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UN targets require 40-per-cent drop in oil demand: IEA report

Canada currently has one of the cleanest electricity systems in the G20, John Gorman, president of the Canadian Solar Industries Association, said Monday.

CHRIS WATTIE/REUTERS

Globe crude demand will have to decline by 40 per cent over the next 25 years if the world is going to succeed in keeping average temperatures from increasing by more than two degrees C above preindustrial levels, the International Energy Agency said in a report released Monday.

The Paris-based IEA and the International Renewable Energy Agency (IRENA) prepared the report for the German government in advance of the Group of 20 meeting to be held in Hamburg in July.

The joint report conveys the enormous effort that is required to limit the increase in global temperatures to below the two-degree target that was set at the 2015 United Nations Climate Change Conference in Paris. U.S. President Donald Trump has signalled his administration has no intention of putting in place policies needed to meet the commitments to greenhouse-gas reductions made by his predecessor Barack Obama.

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Meeting that Paris commitment "would require an unparalleled ramp up of all low-carbon technologies in all countries," the joint report said. "An ambitious set of policy measures, including the rapid phase out of fossil fuel subsidies; [carbon] prices rising to unprecedented levels; extensive energy market reforms, and stringent low-carbon and energy-efficiency mandates would be needed to achieve this transition."

However, failure to take timely action to limit global temperature increases would result in far more expensive investments later, and potentially devastating impacts from a changing climate, it said.

The agencies said Canada and some other G20 countries, including the United States, have "rather conservative policy ambitions" when it comes to supporting renewable-energy deployment.

The Liberal government says it wants 90 per cent of Canada's electricity to come from non-emitting sources by 2030, but it has not laid out a plan to achieve that goal. The wind and solar industries have urged Ottawa to use this week's budget to announce tax credits to spur renewable-power investment, but they are not expecting to see such a policy. Instead, the budget will likely reiterate a commitment to spend on green infrastructure, but with little detail.

Canada currently has one of the cleanest electricity systems in the G20, John Gorman, president of the Canadian Solar Industries Association, said Monday. "However, the electricity system of the 21st century is [going to be] cleaner, smarter and more distributed than what we have today," he said. "It will not manifest on its own without targeted and strategic policy and investment from our federal government."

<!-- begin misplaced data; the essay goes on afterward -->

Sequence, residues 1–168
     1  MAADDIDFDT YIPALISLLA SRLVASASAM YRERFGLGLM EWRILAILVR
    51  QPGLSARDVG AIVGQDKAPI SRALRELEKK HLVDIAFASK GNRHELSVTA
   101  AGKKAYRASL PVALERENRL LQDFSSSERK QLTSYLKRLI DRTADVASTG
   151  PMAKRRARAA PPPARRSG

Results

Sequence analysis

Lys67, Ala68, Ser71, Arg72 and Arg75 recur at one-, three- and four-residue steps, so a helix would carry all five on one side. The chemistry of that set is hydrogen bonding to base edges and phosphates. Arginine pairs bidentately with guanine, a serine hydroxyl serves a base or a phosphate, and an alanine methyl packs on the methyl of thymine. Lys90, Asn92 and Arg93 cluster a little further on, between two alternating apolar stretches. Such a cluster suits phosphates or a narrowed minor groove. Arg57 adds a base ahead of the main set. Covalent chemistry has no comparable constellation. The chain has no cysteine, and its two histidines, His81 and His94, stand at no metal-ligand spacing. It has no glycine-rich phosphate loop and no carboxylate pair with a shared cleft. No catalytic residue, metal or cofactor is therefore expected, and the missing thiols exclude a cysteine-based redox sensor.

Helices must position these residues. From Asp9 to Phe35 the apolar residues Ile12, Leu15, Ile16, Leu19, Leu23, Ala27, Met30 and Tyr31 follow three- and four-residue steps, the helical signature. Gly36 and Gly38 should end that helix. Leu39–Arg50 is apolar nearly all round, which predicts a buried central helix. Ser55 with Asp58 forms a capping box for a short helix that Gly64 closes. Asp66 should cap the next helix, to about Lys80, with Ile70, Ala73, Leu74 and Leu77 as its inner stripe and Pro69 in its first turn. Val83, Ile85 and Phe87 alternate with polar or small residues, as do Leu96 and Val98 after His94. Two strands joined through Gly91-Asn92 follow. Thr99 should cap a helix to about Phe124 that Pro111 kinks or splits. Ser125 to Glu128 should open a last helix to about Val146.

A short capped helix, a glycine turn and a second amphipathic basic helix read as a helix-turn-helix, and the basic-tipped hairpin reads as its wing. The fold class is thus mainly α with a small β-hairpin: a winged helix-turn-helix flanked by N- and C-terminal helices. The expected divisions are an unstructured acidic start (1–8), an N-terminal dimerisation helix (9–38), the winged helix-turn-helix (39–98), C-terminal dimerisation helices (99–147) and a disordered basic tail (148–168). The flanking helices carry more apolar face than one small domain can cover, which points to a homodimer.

To have a reasonable chance of achieving the two-degree goal, the joint report says energy-related carbon dioxide emissions would need to peak by 2020 and fall by more than 70 per cent from today's levels by 2050. Coal demand would be hit hardest, with one million coal mining jobs lost over the next 35 years.

Oil demand would also fall dramatically, as countries moved to replace fossil fuels in their electricity systems, and then electrify their transportation systems and replace oil with natural gas in other applications.

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The prospect of "peak demand" is the matter of great debate in the oil industry, and is particularly worrisome in Alberta where long-term investments are required for new oil sands projects and for the pipelines needed to reach markets. Some of those long-term assets could end up "stranded" in a two-degree scenario, the IEA/IRENA report said.

Royal Dutch Shell PLC chief executive Ben van Beurden told an energy conference recently that his company believes the world could see peak oil demand in the next decade, and is shifting its investment to natural gas to prepare for the transition to a lower carbon world. Many oil companies are still counting on rising oil demand well beyond 2040, a scenario which would include devastating – and costly – environmental impacts, according to climate scientists.

However, while the IEA projects crude demand would fall in a two-degree scenario, it notes companies will have to continue to invest in new oil production, as the rate of decline from existing fields will outpace even the drop in demand.

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About the Author
Global Energy Reporter

Shawn McCarthy is an Ottawa-based, national business correspondent for The Globe and Mail, covering a global energy beat. He writes on various aspects of the international energy industry, from oil and gas production and refining, to the development of new technologies, to the business implications of climate-change regulations. More

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